But a second teaching that comes under attack from the serpent is the doctrine of divine judgment. The Devil affirms in strong language, “You will not die!” In other words, God was lying to you about any kind of penalty for breaking His commandment regarding eating from the tree of life. There is no death for sin, and there are no bad consequences for disobedient actions. Again, so it is today. Nearly everyone will vote to have heaven, but the percentages fall off when people are asked about the reality of God’s judgment and His penalty of hell for those who are unbelievers and disobedient. Many people think, “If hell exists, it is for someone else, because I am not that bad.” Someone has said somewhere that most North Americans think that the only thing one needs to do to go to heaven is to die. If you lead a “pretty good life,” then God has to let you into heaven. The reality is something else: without the perfect righteousness of Jesus Christ, no one can be saved.
“Forbidden fruit always tastes sweeter,” it is said. The serpent also holds out to the woman the prospect of acquiring a knowledge that will put the woman and the man (the word “you” in verse 5 is plural) on a par with God Himself. But this is not what God had said! God warned about certain death, while the serpent affirms the elevation of mankind to divine rank. In fact, the serpent is jeering God. God is keeping vital information away from the human pair. He has a secret that, if it were revealed, would actually benefit mankind. The diabolical suggestion is that this God of ours is not truly good.
To “know good and evil” is a difficult phrase to explain. God knows all things, but He certainly does not know evil experientially. The phrase suggests moral discernment, moral autonomy, the ability to be self-legislating. By taking what God has forbidden, man is violating the covenant relationship with God, and man will snatch at being divine. The tree of the knowledge of good and evil has judgment surrounding it. The woman and the man were to live in faith and obedience based on that faith in God’s Word. But the evil one deliberately and in a very subtle manner cast the whole discussion into the wrong context: acquiring knowledge that would lead to equality with God. The question at the end of Genesis 2:17 was this: what will man do, eat (and therefore die) or not eat? But now the question at the end of Genesis 3:5 is this: whom does man believe, the snake or God? If the serpent is believed, then the covenant has been violated. If the woman and the man eat, the penalty for covenant rebellion in the creation-kingdom of God is certain death.
Eating the forbidden fruit (3:6–7)
Following the conversation between the serpent and the woman, the action now picks up speed. Her eyes are drawn to the fruit; wisdom appears to be the desired goal if only she takes, eats, and believes the serpent.
Sin is always a matter of the heart, but it is also a matter of one’s actions. The command in Genesis 2:16, 17, was not to eat. Therefore, the critical action, the operative word in Genesis 3:6, is ate. “She ate,” and then she gave to her husband who is with her, and “he ate.” Now the man is brought into the story. The man is not an innocent victim here of a trick from the woman. He is fully responsible, since he was the covenant head of the whole human race. The woman was deceived, but the man was not deceived (I Tim. 2:14). Victor Hamilton (Genesis 1–17, p. 191) says the following:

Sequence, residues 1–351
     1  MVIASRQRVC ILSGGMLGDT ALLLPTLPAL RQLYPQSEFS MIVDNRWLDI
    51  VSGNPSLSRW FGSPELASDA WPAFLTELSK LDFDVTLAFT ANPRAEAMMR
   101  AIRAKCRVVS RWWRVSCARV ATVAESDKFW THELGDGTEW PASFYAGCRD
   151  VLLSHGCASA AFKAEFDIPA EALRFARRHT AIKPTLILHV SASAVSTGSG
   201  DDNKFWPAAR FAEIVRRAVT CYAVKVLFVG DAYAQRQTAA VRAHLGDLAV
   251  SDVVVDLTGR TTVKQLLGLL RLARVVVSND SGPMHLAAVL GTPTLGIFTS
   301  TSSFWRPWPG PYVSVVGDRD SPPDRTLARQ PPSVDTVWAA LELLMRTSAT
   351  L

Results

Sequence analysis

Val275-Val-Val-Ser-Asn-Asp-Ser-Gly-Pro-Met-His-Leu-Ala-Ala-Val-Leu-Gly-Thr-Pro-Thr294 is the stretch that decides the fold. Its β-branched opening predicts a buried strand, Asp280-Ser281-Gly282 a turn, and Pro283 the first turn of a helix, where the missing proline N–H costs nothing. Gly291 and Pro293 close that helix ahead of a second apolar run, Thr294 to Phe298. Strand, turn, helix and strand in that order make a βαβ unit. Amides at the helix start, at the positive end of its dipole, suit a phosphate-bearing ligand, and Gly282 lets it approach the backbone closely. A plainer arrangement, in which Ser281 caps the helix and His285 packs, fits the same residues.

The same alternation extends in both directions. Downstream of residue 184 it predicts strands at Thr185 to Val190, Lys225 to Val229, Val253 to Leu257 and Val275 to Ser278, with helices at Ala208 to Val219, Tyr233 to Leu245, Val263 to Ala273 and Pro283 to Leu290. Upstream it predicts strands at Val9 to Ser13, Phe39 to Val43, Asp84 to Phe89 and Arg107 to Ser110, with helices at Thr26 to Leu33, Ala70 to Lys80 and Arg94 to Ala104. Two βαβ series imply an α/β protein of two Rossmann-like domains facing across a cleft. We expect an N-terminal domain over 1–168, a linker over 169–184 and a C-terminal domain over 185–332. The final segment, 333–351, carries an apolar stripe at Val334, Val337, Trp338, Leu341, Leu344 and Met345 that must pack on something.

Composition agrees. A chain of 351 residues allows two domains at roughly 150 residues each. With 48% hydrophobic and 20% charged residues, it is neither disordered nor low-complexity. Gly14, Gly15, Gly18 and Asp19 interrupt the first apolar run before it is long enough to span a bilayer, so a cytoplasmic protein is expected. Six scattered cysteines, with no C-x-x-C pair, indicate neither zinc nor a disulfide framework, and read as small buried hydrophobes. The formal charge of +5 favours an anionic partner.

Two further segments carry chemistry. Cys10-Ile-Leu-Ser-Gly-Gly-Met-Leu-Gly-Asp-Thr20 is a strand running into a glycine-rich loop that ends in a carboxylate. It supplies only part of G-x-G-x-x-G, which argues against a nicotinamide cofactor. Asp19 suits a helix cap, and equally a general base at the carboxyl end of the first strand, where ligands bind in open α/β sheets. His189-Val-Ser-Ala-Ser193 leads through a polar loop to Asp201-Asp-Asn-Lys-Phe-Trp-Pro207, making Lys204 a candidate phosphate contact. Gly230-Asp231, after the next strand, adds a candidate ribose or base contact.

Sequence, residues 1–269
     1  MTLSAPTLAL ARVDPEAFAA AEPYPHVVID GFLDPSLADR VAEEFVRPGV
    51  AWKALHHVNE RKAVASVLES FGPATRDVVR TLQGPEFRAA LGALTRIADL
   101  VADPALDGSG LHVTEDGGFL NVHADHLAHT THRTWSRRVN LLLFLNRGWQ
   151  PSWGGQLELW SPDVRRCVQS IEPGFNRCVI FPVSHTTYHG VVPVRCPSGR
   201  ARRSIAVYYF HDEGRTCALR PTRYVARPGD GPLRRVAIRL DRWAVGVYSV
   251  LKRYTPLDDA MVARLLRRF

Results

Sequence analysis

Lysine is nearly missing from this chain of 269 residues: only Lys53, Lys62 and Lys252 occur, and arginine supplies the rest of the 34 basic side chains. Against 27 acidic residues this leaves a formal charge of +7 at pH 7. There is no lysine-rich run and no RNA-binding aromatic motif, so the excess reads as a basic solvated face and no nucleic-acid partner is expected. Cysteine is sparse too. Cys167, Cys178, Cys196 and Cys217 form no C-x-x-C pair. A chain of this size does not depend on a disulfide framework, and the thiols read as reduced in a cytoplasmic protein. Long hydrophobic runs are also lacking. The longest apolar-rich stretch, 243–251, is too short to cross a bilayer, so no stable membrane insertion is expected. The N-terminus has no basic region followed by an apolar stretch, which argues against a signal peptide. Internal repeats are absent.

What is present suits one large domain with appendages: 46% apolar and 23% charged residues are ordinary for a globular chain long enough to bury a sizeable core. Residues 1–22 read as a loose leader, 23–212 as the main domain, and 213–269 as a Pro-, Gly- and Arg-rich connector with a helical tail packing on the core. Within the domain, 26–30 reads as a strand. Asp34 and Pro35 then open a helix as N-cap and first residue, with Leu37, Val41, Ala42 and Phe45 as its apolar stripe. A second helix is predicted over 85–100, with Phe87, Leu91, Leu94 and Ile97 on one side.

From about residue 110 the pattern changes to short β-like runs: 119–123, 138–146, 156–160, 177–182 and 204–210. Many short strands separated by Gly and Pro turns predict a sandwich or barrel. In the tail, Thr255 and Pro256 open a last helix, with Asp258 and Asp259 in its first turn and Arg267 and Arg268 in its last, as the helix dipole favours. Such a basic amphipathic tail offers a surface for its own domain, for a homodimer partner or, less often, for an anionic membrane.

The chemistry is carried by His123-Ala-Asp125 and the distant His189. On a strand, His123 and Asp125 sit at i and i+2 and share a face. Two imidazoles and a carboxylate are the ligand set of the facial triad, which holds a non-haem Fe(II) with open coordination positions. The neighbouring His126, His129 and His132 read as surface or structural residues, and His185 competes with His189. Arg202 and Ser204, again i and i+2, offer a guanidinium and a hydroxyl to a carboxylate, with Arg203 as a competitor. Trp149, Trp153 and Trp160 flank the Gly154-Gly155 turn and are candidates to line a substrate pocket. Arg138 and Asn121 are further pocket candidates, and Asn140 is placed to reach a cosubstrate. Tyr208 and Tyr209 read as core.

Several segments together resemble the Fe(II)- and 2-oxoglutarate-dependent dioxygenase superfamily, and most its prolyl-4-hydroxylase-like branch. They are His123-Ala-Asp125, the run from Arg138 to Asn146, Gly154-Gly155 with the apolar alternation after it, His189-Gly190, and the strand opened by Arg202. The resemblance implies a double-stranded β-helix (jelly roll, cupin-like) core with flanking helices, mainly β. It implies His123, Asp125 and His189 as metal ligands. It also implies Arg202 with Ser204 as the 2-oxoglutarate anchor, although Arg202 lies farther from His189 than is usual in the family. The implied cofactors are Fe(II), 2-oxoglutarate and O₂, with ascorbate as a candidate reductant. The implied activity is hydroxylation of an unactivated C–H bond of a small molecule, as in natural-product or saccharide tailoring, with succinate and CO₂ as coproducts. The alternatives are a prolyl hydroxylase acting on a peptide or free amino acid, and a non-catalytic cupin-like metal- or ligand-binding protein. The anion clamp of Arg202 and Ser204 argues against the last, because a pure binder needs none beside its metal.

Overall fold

The woman does not try to tempt the man. She simply gives and he takes. He neither challenges nor raises questions. The woman allows her mind and her own judgment to be her guide; the man neither approves nor rebukes. Hers is a sin of initiative. His is a sin of acquiescence.
The serpent had promised knowledge. But the result, as their eyes opened to a new reality of sin and death, is embarrassment and shame. They can no longer tolerate their own nakedness as the wonderful innocence of sinlessness is lost in one fell swoop. In a pitiful manner they now grab for the fig leaves to cover themselves. It will take far more to cover sinfulness: it will take the complete and flawless righteousness of a second Adam, our Lord Jesus Christ.
POINTS TO PONDER AND DISCUSS
1. Mankind had the obligation to keep and guard the Garden. Yet the tempter entered and in a subtle way took the woman down the road of temptation. What are the steps that you (and your family) can take to guard yourself from the first steps of temptation? How easy (or hard) is this?
2. What does the Bible teach about the Devil? How seriously does our society take the existence of the Devil and the reality of the (evil) spirit realm?
3. What is understood by “free will?” During the Reformation period there was a great debate between Erasmus and Martin Luther over the question of whether man today has a free will. How would you answer that question? Support your answer from the Bible and the Reformed confessions (d. Rom. 3:9ff; I Cor. 2:14; Belgic Confession, articles 14–15, etc.).
4. See Matthew 4:1–11; Mark 1:12, 13; and Luke 4:1–13. What parallels, if any, can be drawn with the temptation faced by the woman in the Garden, and the temptations faced by our Lord Jesus Christ?
5. Job 1–2 records the trials of the righteous man Job. How did his situation differ from that of our first parents? Do righteous believers still face Satanic attacks today as Job faced them?
6. Read James 1:12–15 and discuss the “anatomy of temptation” as outlined by James. What is the relationship between external factors that tempt us and our own nature and inner disposition? Why do some sins tempt some people but seemingly have little effect or attraction to other people?
Mark D. Vander Hart